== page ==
July 14, 2014
“The King Has Returned!”
The sentiment was sincere, on the placard held over the head of a celebrating fan in Cleveland, to the news that LeBron James was “coming home,” to the Cavaliers. The photo ran on Section 1/page 1 of the Wall Street Journal Weekend Edition, so the neighborhood buzz received national attention…
James is leaving the Miami Heat, after four seasons. I’m writing from Miami (here to preach for a friend while he vacations with his family, in Southern California) and the people on the streets of South Florida this Summer Sunday aren’t giving any thought to basketball: sports fans here are whooping over Germany’s victory over Argentina – just now – in the World Cup finale, in Brazil.
James isn’t royalty, but his $42 million contract for his next two years of play could buy a closet full of crowns. In Washington, one house of Congress is complaining about what they view as a regal presidency; in Eastern Europe, the President of Russia is acting like a monarch as he endorses and supports actions that expand his jurisdiction toward the old borders of the USSR. In Iraq, a new face on the world scene – Abu Bakr al-Baghdadi – has declared himself Caliph over all Muslims, everywhere – in the line of Muhammad, and the leader of a new Sharia-law national entity.
America is an anomaly: a country with a durable constitution instead of a sovereign leader. Despite a plan – played out over 238 years – to limit leadership to less-than-a-decade, there’s something in many that longs for a king to follow. Solomon observes that God “has put eternity in their hearts…” (Ecclesiastes 3:11); a wisp of connection to the divine that influences human passion without being able to explain the source, or the yearning.
God always planned to be the King of His People, the Jews… but, the family line that remembered their King’s victory over Pharaoh – and his provision to them through His mystical faithfulness – came to envy the other nations who had kings. Never mind the abysmal batting average of kings – through the ages, and across all cultures – the failure rate of royalty never seems to diminish their perceived value.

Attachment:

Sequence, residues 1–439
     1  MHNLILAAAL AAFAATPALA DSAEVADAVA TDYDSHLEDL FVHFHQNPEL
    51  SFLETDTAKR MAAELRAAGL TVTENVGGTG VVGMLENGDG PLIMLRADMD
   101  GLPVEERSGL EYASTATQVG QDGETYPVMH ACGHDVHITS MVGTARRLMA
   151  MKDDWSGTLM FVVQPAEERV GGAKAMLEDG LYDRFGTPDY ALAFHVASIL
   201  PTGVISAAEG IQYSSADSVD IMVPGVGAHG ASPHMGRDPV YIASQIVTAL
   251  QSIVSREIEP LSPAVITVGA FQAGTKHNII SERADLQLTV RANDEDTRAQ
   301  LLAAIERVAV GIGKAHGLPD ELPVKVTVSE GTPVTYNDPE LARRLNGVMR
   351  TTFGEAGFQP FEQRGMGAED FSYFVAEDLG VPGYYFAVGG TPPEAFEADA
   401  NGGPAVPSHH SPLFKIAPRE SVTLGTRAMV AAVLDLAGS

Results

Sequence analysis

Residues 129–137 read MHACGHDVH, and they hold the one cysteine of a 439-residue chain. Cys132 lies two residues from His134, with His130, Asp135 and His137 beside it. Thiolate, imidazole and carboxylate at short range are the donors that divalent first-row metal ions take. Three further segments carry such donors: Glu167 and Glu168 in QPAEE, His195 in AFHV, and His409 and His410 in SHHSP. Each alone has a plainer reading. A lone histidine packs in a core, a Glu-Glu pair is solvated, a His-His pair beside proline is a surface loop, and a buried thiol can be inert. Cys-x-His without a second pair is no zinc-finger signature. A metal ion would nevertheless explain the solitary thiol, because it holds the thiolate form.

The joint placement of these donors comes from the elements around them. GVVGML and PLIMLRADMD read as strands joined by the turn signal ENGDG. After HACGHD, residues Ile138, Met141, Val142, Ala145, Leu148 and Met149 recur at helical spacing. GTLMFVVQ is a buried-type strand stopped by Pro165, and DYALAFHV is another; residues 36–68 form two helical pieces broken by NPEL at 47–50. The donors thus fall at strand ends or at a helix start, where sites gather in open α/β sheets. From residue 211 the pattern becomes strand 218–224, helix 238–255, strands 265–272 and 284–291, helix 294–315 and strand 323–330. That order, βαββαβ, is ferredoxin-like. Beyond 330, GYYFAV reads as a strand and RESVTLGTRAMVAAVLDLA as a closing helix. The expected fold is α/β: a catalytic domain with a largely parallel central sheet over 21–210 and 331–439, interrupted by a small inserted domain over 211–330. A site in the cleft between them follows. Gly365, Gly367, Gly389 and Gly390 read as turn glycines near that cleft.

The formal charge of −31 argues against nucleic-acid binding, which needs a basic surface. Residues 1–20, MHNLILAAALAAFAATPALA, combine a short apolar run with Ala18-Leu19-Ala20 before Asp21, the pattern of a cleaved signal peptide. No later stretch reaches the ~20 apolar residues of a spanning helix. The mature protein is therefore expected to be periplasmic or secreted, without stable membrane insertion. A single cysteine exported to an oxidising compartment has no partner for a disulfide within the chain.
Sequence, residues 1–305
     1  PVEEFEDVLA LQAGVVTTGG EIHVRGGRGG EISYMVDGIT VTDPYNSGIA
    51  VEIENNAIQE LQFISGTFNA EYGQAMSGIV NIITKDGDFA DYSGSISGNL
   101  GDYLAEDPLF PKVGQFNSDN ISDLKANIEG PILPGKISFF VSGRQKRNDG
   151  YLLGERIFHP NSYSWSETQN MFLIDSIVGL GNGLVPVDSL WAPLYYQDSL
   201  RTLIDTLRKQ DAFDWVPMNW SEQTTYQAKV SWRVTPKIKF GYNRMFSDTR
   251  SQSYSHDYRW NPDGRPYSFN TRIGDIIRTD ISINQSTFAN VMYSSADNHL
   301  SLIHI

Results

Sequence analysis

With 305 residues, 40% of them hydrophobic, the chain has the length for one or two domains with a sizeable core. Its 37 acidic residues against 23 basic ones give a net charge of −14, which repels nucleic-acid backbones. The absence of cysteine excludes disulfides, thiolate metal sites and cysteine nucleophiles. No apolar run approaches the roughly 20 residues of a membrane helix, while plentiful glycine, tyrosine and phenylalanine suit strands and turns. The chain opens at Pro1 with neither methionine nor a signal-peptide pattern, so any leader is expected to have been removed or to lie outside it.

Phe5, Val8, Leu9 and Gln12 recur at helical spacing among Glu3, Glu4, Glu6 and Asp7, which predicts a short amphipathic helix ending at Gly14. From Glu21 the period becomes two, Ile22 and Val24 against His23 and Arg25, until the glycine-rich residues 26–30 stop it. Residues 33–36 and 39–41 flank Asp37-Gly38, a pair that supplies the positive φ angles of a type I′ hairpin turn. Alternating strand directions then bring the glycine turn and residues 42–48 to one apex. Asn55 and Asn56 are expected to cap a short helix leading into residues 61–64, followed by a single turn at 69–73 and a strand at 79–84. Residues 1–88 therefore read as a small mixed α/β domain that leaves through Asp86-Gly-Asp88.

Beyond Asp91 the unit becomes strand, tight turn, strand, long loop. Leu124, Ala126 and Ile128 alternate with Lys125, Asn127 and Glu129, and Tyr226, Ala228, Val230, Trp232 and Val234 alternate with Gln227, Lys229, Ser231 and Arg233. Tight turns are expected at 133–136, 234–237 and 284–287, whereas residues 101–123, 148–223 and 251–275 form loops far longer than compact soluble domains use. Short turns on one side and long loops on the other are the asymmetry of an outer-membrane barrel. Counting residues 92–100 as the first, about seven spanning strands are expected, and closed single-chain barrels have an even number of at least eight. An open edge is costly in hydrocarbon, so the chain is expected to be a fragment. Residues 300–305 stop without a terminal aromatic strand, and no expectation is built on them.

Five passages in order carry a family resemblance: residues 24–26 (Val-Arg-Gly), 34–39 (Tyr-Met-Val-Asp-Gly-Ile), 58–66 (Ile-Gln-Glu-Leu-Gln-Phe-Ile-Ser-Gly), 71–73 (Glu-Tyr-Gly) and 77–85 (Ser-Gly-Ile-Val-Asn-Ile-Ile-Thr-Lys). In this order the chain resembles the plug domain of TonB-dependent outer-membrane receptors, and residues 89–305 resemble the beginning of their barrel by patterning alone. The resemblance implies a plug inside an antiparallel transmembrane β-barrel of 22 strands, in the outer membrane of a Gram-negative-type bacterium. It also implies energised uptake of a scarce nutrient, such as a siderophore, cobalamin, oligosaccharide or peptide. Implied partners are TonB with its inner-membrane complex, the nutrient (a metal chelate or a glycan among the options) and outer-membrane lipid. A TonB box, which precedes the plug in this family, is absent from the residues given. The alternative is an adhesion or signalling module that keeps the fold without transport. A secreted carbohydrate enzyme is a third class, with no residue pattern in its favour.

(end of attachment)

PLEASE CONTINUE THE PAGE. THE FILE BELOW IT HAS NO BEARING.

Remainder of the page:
I’ll confess: something in me tires of the incessant campaigning for prominence, and the recurrent headlines announcing yet another feet-of-clay revelation confirming that all human leaders seem to succumb to self-aggrandizing arrogance, making way for the next candidate to prove that fallacy is universal.
One day – soon? – the placards will be in Cleveland, and in Copenhagen; the news will be front-page in Moscow, Russia and Moscow, Idaho. “The King has Returned” will be tweeted and blogged, bull-horned and headlined; every eye will see Him, and the innermost longing of the redeemed will finally be realized.
His Kingdom. I talk about it, write about it, ponder it, dream about it: it’s where my mind goes when nothing demands my current full attention. Some conceive it as a mystical, current reality; my theology anticipates a reality that will see a glorified, flesh-and-blood King of Kings establishing His Righteous Reign, and showing what good leadership always aspired to be, but could never match.
Sorry, LeBron: I’m not satisfied with substitutes. He’s worth waiting for…